|Prostate Disease||Barry, MJ||Benign prostatic hyperplasia specific health status measures in clinical research: how much change in the American Urological Association symptom index and the benign prostatic hyperplasia impact index is perceptible to patients?||AUA symptom index, BII||No||Evaluative||Validity|
|O'Leary, MP||A brief male sexual function inventory for urology||Brief sexual function index||Yes||Discriminitive||Reliability, validity|
|Barry, MJ||Measurement of overall and disease-specific health status: does the order of questionnaires make a difference?||AUA symptom index, MMAP symptom index, BII||No||Discriminitive||Validity|
(1) HSM is Health Status Measurement. Classification of HSMs (column 6) is based on Kirshner, Guyatt: J Chron Disease 38:27, 1985.
Notes: Papers were identified from collections of PORT publications if they discussed development or validation of HSMs. Papers that reviewed pre-existing disease-specific HSMs or utilized an HSM were not included.
Discriminitive—Distinguishes between individuals in absence of gold standard. Used for diagnosis or screening.
Predictive—Classifies individuals when there is a gold standard that may be too risky or expensive for routine use. Also used for diagnosis or screening.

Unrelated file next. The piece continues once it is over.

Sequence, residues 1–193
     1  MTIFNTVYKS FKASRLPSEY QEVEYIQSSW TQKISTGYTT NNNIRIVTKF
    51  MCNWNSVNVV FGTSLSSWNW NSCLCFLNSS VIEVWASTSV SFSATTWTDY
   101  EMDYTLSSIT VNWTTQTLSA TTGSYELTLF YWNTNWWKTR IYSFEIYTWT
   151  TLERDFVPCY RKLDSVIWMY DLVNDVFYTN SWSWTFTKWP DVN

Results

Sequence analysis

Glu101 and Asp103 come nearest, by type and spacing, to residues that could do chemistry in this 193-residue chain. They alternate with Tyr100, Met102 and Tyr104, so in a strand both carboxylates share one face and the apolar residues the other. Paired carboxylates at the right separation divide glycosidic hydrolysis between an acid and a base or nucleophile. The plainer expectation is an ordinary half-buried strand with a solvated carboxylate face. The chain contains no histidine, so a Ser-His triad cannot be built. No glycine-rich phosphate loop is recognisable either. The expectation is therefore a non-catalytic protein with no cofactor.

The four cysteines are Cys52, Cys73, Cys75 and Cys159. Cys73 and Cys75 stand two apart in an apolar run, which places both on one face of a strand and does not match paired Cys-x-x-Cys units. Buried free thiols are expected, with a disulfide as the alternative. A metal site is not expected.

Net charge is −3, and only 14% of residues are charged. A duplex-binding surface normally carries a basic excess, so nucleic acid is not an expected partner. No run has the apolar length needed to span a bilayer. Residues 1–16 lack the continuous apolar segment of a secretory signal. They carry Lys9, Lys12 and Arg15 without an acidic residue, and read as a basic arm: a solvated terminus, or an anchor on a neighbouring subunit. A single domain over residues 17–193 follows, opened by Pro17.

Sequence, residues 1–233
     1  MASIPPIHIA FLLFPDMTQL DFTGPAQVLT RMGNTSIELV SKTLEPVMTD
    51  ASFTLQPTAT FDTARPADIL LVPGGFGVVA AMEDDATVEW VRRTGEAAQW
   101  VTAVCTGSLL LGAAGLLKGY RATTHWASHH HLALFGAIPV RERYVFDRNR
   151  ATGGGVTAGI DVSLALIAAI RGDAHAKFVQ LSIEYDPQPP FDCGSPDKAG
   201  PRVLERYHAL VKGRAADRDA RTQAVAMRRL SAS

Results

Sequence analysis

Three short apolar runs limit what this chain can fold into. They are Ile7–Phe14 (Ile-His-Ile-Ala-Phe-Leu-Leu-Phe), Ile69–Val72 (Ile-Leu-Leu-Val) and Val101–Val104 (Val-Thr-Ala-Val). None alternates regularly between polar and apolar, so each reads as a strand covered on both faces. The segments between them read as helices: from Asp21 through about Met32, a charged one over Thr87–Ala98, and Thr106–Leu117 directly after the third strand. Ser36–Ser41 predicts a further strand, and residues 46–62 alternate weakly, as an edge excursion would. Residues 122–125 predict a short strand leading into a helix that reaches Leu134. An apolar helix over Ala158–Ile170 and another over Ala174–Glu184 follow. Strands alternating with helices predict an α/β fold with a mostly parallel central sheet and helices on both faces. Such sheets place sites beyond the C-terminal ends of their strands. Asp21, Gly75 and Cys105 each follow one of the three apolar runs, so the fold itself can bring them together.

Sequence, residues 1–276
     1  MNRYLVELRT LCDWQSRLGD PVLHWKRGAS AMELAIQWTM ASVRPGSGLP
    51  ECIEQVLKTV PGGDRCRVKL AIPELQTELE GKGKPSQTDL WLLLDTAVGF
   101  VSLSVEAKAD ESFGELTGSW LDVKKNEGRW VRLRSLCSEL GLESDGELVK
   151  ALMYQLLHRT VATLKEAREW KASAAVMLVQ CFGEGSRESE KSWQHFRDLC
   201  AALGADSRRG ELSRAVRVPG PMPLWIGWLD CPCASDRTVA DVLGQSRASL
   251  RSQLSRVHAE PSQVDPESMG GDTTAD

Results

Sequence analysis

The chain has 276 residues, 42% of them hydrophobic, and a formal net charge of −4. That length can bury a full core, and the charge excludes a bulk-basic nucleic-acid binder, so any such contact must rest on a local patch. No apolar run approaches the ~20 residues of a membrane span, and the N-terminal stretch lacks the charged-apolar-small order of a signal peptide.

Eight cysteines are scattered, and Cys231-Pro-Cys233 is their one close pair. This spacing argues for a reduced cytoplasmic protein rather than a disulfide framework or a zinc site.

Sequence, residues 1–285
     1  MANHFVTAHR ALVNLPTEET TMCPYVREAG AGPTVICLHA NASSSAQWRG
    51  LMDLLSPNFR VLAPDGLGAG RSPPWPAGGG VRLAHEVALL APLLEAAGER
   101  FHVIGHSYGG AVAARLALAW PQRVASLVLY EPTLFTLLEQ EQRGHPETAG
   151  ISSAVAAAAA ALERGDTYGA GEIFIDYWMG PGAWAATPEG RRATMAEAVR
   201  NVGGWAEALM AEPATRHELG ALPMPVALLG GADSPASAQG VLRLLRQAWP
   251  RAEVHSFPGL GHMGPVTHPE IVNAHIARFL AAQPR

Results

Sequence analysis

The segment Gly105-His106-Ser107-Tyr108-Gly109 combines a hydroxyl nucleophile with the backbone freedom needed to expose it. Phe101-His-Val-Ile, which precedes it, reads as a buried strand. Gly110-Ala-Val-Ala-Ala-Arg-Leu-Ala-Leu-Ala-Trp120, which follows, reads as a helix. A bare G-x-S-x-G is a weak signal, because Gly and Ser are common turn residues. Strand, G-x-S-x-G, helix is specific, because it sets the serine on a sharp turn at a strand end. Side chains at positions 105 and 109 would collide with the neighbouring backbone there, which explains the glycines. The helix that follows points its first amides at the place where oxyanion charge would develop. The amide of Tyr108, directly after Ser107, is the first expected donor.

Evaluative—Measures longitudinal change.
Appendix 4. List of Research Projects Pertaining to Practice Variations (1989-96)
Total Number of Projects: 46; Estimated Total Funding Amount: $179 Million
Care, Costs, and Outcomes of Local Breast Cancer (PORT II)
Principal Investigator:Jack Hadley, Ph.D.; Georgetown University Medical Center; Washington, DC 20007
Purpose:To identify the determinants of and calculate cost-effectiveness ratios for three alternative treatments for local breast cancer in the elderly.
Evaluation of Practice Variations and Costs for Cancer
Principal Investigator:Sheldon M. Retchin, M.D., M.S.P.H.; Medical College of Virginia; Richmond, VA 23298
Purpose:To assist policymakers in their efforts to reduce practice variations, and ultimately improve the effectiveness of care for cancer patients.
Treatment Choices and Outcomes in Prostate Cancer
Principal Investigator:James A. Talcott, M.D., S.M.; Dana-Farber Cancer Institute; Boston, MA 02115
Purpose:To enhance the understanding of treatment for early prostate cancer.
Breast Cancer Screening Policy and Practice
Principal Investigator:Thomas R. Taylor, M.D., Ph.D.; University of Washington; Seattle, WA 98195
Purpose:To (1) describe primary care physician performance related to screening mammography in a randomly selected group of family medicine practices; (2) identify factors associated with differences in primary care physician decision policies and practice; and (3) test the efficacy of an educational intervention based on physician decision policies in improving physician breast cancer screening practice.